From Trump’s U.S. to ‘welcoming city’
Immigrant who moved his startup to town feels ‘at home’
Sharoon Thomas moved his cloud software operation from India to Silicon Valley in October 2015 after it was hand-picked by a high-profile venture capital fund.
He arrived to California on a business visa that restricted him to developing his business idea and didn’t allow paid work. The visa also didn’t give him a chance to become a permanent resident in the U.S.
Last summer, with the escalating anti-immigration and nationalist rhetoric from then presidential front-runner Donald Trump, Thomas approached Toronto-based Extreme Venture Partners, a technology venture capital firm.
In early June, Thomas, 29, settled in Toronto and his Fulfil is already recruiting two sales executives to promote its software, which help distributors and retailers manage their inventories along with other ecommerce products.
“Toronto is the world’s most welcoming city. It is so diverse that I feel right at home,” said the native of Cochin, who has travelled and worked in Australia, Canada, Hong Kong, Spain, the United States and United Kingdom.
“Even before Trump was elected, the U.S. (immigration) did not have provisions for startup entrepreneurs. After Trump, I felt I made a wise decision to apply to Canada. Entrepreneurs already have to deal with a lot of uncertainty. The last thing we need is have our immigrant status questioned.”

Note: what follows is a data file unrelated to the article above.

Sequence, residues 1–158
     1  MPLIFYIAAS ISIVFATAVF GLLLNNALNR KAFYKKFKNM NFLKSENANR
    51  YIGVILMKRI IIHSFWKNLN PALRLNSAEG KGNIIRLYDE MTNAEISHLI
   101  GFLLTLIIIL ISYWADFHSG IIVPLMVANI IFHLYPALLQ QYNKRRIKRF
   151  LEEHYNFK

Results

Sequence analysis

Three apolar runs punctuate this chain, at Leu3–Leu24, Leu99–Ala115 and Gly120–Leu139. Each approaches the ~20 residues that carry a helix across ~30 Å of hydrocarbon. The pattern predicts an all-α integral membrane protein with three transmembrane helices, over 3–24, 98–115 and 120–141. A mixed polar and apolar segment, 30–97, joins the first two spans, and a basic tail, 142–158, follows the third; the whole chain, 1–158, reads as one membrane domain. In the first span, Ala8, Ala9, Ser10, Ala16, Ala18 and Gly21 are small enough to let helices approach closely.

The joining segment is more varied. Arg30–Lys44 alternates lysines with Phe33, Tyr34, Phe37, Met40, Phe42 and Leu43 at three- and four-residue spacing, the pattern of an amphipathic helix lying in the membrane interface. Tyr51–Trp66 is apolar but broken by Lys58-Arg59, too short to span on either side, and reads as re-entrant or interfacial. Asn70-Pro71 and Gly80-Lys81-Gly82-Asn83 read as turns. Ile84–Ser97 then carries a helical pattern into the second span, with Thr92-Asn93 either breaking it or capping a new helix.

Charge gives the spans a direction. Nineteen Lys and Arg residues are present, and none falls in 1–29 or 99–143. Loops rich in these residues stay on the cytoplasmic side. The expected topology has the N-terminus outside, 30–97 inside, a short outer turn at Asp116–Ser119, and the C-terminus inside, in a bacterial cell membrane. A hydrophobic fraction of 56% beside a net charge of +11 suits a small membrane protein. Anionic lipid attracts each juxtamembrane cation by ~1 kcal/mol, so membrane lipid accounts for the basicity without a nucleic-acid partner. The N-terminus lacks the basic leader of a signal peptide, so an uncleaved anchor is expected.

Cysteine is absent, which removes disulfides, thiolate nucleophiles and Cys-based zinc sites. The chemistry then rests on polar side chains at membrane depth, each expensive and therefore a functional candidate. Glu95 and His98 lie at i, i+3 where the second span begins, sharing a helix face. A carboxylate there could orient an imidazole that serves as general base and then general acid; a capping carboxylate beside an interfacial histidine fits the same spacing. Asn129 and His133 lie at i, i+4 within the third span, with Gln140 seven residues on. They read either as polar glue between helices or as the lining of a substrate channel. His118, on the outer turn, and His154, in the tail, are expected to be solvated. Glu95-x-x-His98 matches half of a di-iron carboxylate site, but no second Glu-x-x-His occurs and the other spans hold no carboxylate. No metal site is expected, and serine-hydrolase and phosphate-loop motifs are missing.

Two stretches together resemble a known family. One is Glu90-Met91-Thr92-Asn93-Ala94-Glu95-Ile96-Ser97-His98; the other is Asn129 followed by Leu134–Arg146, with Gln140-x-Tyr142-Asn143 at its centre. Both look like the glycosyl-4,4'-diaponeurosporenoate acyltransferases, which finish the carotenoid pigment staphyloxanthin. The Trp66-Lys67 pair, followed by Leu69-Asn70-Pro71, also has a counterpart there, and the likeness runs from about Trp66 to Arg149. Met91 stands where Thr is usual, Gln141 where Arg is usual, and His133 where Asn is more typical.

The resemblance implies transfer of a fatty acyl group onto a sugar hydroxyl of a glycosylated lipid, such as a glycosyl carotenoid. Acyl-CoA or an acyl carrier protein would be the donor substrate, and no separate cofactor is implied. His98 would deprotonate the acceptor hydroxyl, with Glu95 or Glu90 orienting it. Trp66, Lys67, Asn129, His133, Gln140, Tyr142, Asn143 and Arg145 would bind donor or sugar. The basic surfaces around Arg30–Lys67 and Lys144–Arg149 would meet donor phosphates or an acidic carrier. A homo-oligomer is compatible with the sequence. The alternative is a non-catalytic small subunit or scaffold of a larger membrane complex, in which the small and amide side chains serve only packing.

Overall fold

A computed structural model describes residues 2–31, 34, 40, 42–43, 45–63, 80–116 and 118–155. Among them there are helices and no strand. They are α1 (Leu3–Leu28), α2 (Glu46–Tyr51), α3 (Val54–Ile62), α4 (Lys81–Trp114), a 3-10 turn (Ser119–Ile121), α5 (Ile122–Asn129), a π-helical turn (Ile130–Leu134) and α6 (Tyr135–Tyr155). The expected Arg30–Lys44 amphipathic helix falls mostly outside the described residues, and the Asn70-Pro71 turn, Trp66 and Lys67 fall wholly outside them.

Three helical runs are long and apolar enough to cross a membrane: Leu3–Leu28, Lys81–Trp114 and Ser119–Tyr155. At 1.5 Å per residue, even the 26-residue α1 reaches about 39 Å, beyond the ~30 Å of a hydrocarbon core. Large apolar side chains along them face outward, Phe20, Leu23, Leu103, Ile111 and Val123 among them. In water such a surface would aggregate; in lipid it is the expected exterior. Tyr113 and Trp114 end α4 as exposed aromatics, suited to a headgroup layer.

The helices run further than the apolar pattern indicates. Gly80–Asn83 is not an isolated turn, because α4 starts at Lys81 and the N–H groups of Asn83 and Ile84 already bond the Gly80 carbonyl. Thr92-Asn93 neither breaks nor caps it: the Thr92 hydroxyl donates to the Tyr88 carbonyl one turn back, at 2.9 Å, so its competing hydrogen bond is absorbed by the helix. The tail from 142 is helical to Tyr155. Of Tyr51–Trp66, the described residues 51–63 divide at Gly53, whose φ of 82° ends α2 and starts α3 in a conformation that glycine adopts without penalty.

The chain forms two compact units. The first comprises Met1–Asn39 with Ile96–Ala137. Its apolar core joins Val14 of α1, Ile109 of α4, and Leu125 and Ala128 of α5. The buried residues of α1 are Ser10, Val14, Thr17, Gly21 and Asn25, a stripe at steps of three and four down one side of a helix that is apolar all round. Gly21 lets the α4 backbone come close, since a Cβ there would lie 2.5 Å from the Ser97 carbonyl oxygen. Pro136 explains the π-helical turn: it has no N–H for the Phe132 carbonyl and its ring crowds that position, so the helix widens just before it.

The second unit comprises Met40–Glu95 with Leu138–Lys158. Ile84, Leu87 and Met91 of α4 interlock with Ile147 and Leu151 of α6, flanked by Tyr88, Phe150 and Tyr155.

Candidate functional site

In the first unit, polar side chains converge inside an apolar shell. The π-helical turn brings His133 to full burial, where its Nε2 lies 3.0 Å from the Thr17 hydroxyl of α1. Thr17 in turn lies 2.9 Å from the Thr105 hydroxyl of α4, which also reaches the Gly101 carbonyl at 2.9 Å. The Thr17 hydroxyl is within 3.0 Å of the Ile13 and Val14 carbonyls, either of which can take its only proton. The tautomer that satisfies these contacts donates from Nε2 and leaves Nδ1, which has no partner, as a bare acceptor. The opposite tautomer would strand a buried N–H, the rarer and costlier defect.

The relocation is an example of a growing interest among entrepreneurs in choosing Canada over the U.S., thanks to political uncertainty south of the border under President Trump’s administration, which has made a travel ban against seven Muslim-majority countries, currently being challenged in court, and a wall along the Mexican border priorities. Thomas said a wealth of IT talent and lower startup costs give Toronto an edge, and that stability is an important consideration for entrepreneurs in selecting a location.
According to Immigration, Refugee and Citizenship Canada, as of March 15, more than 100 foreign entrepreneurs have been approved for permanent residence in Canada under the Startup Visa Program since its inception in 2013.
Ritu Panda, left, and Sharoon Thomas are co-founders of Fulfil, a cloud software company recently relocated to Toronto from Silicon Valley.